Nutrition and management of heat-stressed pullets and laying hens
D. Balnavea1 and J. Brake a1 c1
a1 Department of Poultry Science, College of Agriculture and Life Sciences, North Carolina State University, Raleigh, NC 27695-7608, USA
Article author query
Maximum daily temperatures in excess of 30°C are common in many table egg-producing regions of the world. Such temperatures require the application of specialized management and nutrition if laying hens are to produce eggs near their genetic potential. Environmentally-modified buildings have been shown to be especially advantageous for commercial layers that are housed in high density cage facilities. Directing air movement onto floor-housed birds has also been found to maximize heat loss and was beneficial as long as the air temperature did not exceed body temperature. This latter procedure was especially useful where sporadic incidences of heat stress were common.
Nutritional manipulation of the diet also offers advantages, especially in overcoming problems of reduced appetite. This principle has been shown to apply to both growing pullets and adult layers. Recent research has confirmed that optimum production during lay depends on the adult hen having an adequate gut capacity and sufficient nutrition during rearing. Egg production during moderate heat stress can be improved by increasing the intake of protein relative to energy but energy requirements will likely increase in severe heat stress. Dietary supplementation with ascorbic acid and vitamin E and a supply of cool drinking water have also been reported to improve production during lay but the response to the latter treatment varied with genotype.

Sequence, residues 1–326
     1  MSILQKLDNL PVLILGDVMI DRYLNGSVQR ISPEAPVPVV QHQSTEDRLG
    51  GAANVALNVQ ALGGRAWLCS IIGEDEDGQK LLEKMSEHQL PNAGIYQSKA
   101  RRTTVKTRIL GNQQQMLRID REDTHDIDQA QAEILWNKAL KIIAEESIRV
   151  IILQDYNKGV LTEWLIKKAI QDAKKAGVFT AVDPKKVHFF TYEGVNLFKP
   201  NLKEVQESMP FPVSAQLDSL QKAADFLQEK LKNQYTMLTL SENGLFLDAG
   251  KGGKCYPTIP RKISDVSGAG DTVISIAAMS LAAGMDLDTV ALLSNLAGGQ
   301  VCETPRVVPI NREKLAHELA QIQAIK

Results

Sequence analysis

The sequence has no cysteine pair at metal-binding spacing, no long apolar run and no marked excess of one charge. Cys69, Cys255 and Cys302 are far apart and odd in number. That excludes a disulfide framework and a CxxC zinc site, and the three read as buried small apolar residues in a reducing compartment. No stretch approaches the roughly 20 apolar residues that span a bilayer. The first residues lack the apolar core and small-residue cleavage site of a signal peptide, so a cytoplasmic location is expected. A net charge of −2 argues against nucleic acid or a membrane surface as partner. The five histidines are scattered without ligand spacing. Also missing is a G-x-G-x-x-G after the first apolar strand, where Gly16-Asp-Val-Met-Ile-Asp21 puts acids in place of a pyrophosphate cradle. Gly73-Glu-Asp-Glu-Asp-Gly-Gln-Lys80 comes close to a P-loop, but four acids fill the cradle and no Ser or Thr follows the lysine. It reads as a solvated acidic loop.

(Received January 12 2005)
(Accepted January 23 2005)
Key Words: heat stress; growing pullets; laying hens; heat loss; dietary manipulation
c1 *Corresponding author: firstname.lastname@example.org
I found the article above while swagbucking info on the effects of heat on egg production. We started the layers on ice water, they all just stand around their "water cooler" now, lol. I will try the higher protein feed next, funny story about that. I spoke with 2 of the ladies I bought chickens from and they both said they were using the higher protein feed because they have a mix of babies and adults and so it is easier just to buy one feed. I read another article that said not to use the higher protein stuff but given how hot the days have been I think my girl will need the extra boost of energy if I plan on getting any eggs. I'll keep you posted.
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